Pairing Cigars & Alcohol – Angostura 1787

Cigars and alcohol. Two luxury products that go hand in hand, and sometimes even meet on business level. Aging tobacco in whisky, rum, or cognac barrels is a practice several brands do to achieve extra flavour to the wrapper for certain lines. The famous bourbon brand Maker’s Mark has their own cigar, sold in tubes with the signature wax coating. Drew Estate works with Pappy van Winkle and used to make Kahlua cigars. Mombacho used to have the Diplomatico series. General Cigars works with Sazerac, which resulted in Fireball cigars, Weller by Cohiba and collaborations with Buffalo Trace. And there is the Diesel Whisky Row, a collaboration with Rabbit Hole Distilleries. Fratello Cigars also sells craft beer. Most famous are probably the Cuban collaboration between Martell Cognac and Cohiba. Dominique London, the European retailer with more than 20 shops in the UK, Belgium, Switzerland and the Canary Islands takes it one step further. They bought a distillery in Wales and produce whisky, gin, rum, vodka and liquors.


The brand was founded around 1830 in the Venezuelan town of Angostura (now Ciudad Bolívar) by a German doctor, Johann Gottlieb Benjamin Siegert, Surgeon-General in Simon Bolivar’s army in Venezuela. Around 1820, he had tried to find a medicine to improve appetite and digestive well-being of the soldiers. This product is now known as Angostura bitters. In 1876 the company moved to Trinidad. For close to a hundred year, Angostura is also distilling rum in Trinidad.

In 1776, Trinidad, then a colony of Spain, finally opened its shores to the French planters of the Eastern Caribbean islands. It was the beginning of the transformation of Trinidad from a Spanish backwater to the newest sugar plantation frontier. The year 1787, the milestone which Angostura® 1787 rum celebrates, was a landmark period as it was then that Trinidad’s very first sugar mill was established at the Lapeyrouse Estate. This marked Trinidad’s inevitable climb to the heights of fine rum production. During the 17th and 18th centuries, planters preferred European imported drinks; by the end of the 18th century rum had become universally popular. An exquisite sipping rum, Angostura® 1787 commemorates the establishment of the country’s first sugar mill. The Angostura 1787 is 15 year old rum with an ABV of 40%.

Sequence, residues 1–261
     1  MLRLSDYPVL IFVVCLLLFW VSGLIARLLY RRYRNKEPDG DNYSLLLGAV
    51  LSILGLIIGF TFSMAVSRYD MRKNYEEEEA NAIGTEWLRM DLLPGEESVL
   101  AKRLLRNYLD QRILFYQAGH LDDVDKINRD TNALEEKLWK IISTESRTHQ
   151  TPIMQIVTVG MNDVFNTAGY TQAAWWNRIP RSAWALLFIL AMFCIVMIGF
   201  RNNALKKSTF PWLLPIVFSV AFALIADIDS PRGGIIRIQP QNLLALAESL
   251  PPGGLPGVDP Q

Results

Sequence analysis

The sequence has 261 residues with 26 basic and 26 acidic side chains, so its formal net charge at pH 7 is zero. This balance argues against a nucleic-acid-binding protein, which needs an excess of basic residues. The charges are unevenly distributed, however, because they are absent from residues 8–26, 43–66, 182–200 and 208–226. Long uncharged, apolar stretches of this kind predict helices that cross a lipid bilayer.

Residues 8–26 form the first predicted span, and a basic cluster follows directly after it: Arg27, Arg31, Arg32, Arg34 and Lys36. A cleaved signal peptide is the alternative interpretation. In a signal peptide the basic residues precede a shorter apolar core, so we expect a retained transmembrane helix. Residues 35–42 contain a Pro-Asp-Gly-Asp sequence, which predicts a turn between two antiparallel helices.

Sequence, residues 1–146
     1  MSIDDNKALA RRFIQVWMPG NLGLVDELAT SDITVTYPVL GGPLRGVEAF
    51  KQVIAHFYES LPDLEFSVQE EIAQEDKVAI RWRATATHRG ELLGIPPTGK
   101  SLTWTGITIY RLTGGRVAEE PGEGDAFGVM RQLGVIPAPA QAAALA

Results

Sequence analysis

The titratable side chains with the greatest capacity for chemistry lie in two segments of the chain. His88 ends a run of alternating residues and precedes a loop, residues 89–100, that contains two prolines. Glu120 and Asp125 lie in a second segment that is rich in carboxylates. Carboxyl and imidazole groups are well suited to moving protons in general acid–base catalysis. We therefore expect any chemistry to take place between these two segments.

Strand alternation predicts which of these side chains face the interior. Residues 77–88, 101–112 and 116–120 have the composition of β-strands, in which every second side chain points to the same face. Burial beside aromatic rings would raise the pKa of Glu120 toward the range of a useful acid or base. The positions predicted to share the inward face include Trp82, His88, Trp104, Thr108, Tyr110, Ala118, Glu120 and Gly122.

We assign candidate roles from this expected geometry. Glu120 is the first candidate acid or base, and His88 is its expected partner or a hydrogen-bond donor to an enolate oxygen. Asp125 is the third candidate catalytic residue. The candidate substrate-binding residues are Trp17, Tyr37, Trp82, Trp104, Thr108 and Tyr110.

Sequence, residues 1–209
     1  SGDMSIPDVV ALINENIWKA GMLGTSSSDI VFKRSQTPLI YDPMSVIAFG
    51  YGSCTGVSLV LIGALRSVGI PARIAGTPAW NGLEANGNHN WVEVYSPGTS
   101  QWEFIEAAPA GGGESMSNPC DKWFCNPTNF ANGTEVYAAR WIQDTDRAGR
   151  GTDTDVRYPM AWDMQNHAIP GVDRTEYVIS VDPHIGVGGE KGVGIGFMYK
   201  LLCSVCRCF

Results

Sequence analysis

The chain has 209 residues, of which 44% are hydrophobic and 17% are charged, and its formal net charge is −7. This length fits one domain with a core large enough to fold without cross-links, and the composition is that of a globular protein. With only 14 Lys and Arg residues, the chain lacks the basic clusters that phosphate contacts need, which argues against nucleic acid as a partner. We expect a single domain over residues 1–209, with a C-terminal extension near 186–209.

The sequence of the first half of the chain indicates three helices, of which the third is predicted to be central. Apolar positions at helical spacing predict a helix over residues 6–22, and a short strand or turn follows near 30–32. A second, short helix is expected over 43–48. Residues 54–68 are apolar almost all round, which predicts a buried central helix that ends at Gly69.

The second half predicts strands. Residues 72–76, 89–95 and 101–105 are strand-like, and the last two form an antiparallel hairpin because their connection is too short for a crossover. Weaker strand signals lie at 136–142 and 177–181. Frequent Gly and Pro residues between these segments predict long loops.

The aroma is sweet. I smell apricots but I also get quite some ethanol. Sultanas are in the nose as well. The flavour is quite unusual, not too sweet but more of an umami and smoky flavour. Savoury and salty, like dark liquorice, charred oak. There is some sweetness, but definitely not as much as 99% of the rums I drank in my life. The finish has some leather notes and I think this will go very well with a leathery Cohiba Siglo VI or a cigar with a sweet, thick and dark Connecticut Broadleaf wrapper.

Queen’s Park Swizzle

Trinidad’s Queens Park Hotel may have closed in 1996, but its eponymous drink has endured well into the 21st century. It’s not hard to see why: The icy mix of demerara rum, mint, sugar, lime juice, and Angostura bitters has served as a delicious and eye-catching way to cool off since it debuted at the Port of Spain hotel in the early 20th century. Today, the drink is enjoyed on the island and beyond; the Trinidad-based House of Angostura has even angled to make it Trinidad and Tobago’s national drink.